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    Personal and perceived peer use and attitudes towards use of non-prescribed prescription sedatives and sleeping pills among university students in seven European countries

    Lehne, Gesa, Zeeb, Hajo, Pischke, Claudia R, Mikolajczyk, Rafael, Bewick, Bridgette M, McAlaney, John, Dempsey, Robert C ORCID logoORCID: https://orcid.org/0000-0002-6477-2363, Van Hal, Guido, Stock, Christiane, Akvardar, Yildiz, Kalina, Ondrej, Orosova, Olga, Aguinaga-Ontoso, Ines, Guillen-Grima, Francisco and Helmer, Stefanie M (2018) Personal and perceived peer use and attitudes towards use of non-prescribed prescription sedatives and sleeping pills among university students in seven European countries. Addictive Behaviors, 87. pp. 17-23. ISSN 0306-4603

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    Abstract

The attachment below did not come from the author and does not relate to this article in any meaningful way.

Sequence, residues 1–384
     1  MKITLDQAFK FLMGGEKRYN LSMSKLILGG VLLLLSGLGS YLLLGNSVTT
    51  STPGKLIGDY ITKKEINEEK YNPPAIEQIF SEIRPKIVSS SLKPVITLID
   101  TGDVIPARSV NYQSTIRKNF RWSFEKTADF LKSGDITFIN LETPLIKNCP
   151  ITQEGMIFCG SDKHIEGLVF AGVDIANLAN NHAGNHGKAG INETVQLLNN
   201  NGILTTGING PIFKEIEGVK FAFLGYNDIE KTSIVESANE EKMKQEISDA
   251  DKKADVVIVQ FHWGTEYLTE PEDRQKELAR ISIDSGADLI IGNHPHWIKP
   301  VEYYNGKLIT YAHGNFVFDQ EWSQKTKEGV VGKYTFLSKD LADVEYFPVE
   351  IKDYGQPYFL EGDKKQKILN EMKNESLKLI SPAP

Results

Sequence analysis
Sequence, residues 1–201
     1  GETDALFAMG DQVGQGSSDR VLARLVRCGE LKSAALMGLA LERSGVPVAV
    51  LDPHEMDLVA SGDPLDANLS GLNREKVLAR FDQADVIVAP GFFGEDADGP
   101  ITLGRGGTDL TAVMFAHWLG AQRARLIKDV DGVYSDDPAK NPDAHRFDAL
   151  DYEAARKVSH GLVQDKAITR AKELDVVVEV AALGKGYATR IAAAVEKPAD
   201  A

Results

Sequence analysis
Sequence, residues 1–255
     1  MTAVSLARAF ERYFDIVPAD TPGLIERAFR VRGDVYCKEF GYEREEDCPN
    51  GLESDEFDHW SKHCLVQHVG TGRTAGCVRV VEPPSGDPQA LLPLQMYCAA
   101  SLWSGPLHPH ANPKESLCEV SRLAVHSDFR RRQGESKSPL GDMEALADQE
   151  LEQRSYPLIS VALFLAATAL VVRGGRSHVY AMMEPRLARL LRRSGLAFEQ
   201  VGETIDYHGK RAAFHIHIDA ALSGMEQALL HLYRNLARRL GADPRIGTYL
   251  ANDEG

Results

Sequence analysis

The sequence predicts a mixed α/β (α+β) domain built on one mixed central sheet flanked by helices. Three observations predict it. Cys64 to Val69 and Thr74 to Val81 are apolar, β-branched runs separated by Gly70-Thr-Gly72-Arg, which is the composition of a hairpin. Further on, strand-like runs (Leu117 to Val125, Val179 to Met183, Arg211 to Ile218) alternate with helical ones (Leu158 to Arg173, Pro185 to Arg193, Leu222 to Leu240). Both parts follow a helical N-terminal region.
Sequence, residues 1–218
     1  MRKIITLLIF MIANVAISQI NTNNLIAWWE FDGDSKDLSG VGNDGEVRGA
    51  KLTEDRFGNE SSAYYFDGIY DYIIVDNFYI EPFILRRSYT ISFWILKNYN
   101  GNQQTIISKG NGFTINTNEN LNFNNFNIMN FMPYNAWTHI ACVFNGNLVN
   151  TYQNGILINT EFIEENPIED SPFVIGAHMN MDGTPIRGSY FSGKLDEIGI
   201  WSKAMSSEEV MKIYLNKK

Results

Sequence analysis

The use of non-prescribed prescription sedatives and sleeping pills (NPPSSP) among university students has been described as an important public health issue. However, the impact of perceived social norms on students' use and attitudes towards use of NPPSSP is still unclear. Our aim was to investigate whether perceptions of peer use and approval of use are associated with students' personal use and approval of NPPSSP use. Methods Cross-sectional data from the Social Norms Intervention for the prevention of Polydrug Use (SNIPE) project containing 4482 university students from seven European countries were analyzed to investigate self-other discrepancies regarding personal use and attitudes towards NPPSSP use. Associations between personal and perceived peer use and between personal and perceived approval of use were examined using multivariable logistic regression. Results The majority (51.0%) of students perceived their peers' NPPSSP use to be higher than their personal use. 92.6% of students perceived their peers' approval of NPPSSP use to be identical or higher than their personal approval. Students perceiving that the majority of peers had used NPPSSP at least once displayed higher odds for personal lifetime use (OR: 1.95, 95% CI: 1.49–2.55). Perceived peer approval of NPPSSP use was associated with higher odds for personal approval (OR: 5.49, 95% CI: 4.63–6.51). Conclusions Among European university students, perceiving NPPSSP use and approval of use to be the norm was positively associated with students' personal NPPSSP use and approval of use, respectively. Interventions addressing perceived social norms may prevent or reduce NPPSSP use among university students.

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